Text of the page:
Apple will not add multitasking to the iPhone. Nobody cares about multitasking.
post #66 of 113
Quote:
Originally Posted by razorpit View Post

Then why not just make them identical to OS 1? Simple, elegant, and monochrome!

I need to add my 2 cents to this topic since I'm schooled in interface design from a psychology perspective.

I have followed and agreed with Apple's interface guide lines since the original 1984 Mac because it standardized the usability of computers across an industry that had an engineer's mentality. Those old enough too remember know how difficult the system and program learning curve was back then. When users make a determination on wether an interface element is better, or not, that's a personal conclusion from their perspective. It's a slippery slope to unfamiliarity and confusion in computer usability.

Apple brought standardization and familiarity to using computers to the average consumers by dictating the ecosystem and interface. They have made bad choices at times but have succeeded brilliantly overall. We on this forum are not their audience, and we sometime act as hostile as the diehard Windows and Android crowd to Apple dictates. Their audience, the non-technocrat consumer, has given Apple its credit by vastly expanding Apple's revenue profit. I want them to keep doing what they have been doing all along, selling quality and familiarity in computer innovation.

That said, Apple is at a crossroad. A paradigm shift leading to consumer mobility. iOS is their answer to the personal computer market and their audience seems to agree, particular since they are buying more laptops and or iPads to actually replace their desktops. Power users have always been a niche market segment of prosumers and productive business.

At this moment in time Apple has a split personality in interface design. At this crossroad they need to choose what they want to be. The choice is be a consumer orientated company, a business productivity company, or both. iOS can never be MacOS in my opinion because they aren't mutually inclusive to the task and one will suffer from lack of attention or resources. It's never good to be a "Jack of all trades and master of none." It didn't work for Microsoft, GE, or Sony and Apple should not attempt to merge the consumer grade iOS interface into a business class MacOS interface. The hardware design and innovation also must remain separate.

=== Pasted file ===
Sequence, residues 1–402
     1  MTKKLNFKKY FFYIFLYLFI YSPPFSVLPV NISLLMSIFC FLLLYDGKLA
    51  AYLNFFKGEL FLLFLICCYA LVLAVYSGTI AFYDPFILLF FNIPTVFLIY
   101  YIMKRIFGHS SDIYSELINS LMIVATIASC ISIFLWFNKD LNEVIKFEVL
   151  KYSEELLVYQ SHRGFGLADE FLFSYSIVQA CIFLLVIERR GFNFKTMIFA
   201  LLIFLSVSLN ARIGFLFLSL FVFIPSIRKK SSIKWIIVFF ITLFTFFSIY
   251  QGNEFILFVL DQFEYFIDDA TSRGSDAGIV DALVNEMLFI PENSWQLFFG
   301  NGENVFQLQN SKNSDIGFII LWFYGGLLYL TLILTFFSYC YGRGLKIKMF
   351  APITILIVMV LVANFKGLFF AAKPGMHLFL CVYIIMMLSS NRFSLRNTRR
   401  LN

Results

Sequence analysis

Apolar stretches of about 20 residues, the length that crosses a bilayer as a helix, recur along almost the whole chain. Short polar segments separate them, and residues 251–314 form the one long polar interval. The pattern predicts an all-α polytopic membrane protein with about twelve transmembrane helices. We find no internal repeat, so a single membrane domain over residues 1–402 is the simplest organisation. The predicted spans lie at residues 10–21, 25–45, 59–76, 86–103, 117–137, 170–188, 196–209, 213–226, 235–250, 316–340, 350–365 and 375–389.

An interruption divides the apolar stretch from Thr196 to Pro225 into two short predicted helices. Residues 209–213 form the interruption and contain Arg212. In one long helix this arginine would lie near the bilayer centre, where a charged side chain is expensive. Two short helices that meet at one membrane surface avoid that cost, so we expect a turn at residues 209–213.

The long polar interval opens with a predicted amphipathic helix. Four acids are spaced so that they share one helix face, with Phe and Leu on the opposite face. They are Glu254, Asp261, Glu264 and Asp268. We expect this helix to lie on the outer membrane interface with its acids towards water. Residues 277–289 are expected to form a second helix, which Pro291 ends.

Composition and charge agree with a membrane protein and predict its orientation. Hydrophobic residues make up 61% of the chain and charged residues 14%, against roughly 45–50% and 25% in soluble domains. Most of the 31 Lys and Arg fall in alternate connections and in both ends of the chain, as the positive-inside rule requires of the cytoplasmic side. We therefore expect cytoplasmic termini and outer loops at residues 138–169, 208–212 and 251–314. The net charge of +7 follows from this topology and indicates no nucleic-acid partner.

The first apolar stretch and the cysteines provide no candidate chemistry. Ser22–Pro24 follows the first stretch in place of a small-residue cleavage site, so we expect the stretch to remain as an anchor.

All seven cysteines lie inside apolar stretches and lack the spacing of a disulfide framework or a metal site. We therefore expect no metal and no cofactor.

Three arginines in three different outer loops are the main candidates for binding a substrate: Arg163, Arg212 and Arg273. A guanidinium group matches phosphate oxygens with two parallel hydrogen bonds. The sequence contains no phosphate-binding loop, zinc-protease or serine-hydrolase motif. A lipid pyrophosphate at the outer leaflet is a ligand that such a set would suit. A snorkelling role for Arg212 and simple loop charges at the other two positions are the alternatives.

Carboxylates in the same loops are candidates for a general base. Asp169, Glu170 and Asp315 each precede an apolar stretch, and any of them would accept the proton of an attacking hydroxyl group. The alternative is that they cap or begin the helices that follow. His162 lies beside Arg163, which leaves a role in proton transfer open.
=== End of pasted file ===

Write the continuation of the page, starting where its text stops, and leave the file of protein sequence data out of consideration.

We technocratic power users will choose the hardware and software to personalize our computers to our taste for our task.
post #67 of 113
I also liked the slider like tabs. Sure, it was an adjustment, but why not adjusting to something that's nice. It really looked good and made a lot of sense. Bummer!
post #68 of 113
Quote:
Originally Posted by ljocampo View Post

I need to add my 2 cents to this topic since I'm schooled in interface design from a psychology perspective. [...]

Nice comment! I agree, iOS and MacOS should remain separate. Probably Apple is currently exploring how similar they can make both so that working with both is easy and at the same time keep them separate beasts.
post #69 of 113
I'm not at all happy with the graying of OS X. One of the things that immediately grabbed my attention was the colorful highlighting which made things not only super easy to see but gave the interface a glossy, attractive look. The slow color drain happening to OS X is not at all a good thing in my book. I only hope (against hope and Apple's past practices) that users will be given an option to choose between gray or colorful. I will not be at all happy in a black and white OS.
post #70 of 113
Quote:
Originally Posted by Ronbo View Post

Sorry friend but this is absurd. Maybe your brain isn't wired to interpret rich information sources, but mine is. Color is an extremely powerful and deep way to provide cues. Flattening out the information layers is desirable only to people with OCD or to people who are shallow enough to think "That's the way we used to do it. This is different. Therefore this is better." is a rational design philosophy.

Also: snark is for amateurs. There's a difference between "color" and "candy colors". (And frankly, just because you mock "candy colors" doesn't make bright colors bad, either. It was used with great skill and beauty in the early days of OS X, and if you think that was an OS for kids, I'd invite you to grow up. Beauty might be enjoyed by children, but it's only fully appreciated by adults. Understand that point, and maybe you'll have taken a small step toward becoming an adult yourself)

Thanks for your post, Ronbo. That saved me the pain to answer that retard! Historically, Apple has used colors: It's what differentiated it from all its competitors (albeit they were quasi-nonexistent). In some regards, I believe Apple is straying from the "right path".

I instantly loved a Mac because of its judicious use of colors, and its exquisite design...
post #71 of 113
Quote:
Originally Posted by myapplelove View Post

It seems that most of us here get it, but apple designers don't these days, such loss of colour makes for a very dour os, and for a downward spiral in usability, I hope they reverse it along with that crappy slider thing they already reversed.

Enough with the colour-less sidebars and toolbar icons guys, get it that nobody likes it and start focusing on the real issues with the os, we don't really care for interface jackass tweaks.

STOP TAKING AWAY AQUA ELEMENTS, WE 'VE GROWN TO REALLY LIKE THEM. We don't want os x to be ios, we don't want a lifeless os, there's enough grey already on the macs, and on the os to not add more colourless subdued elements.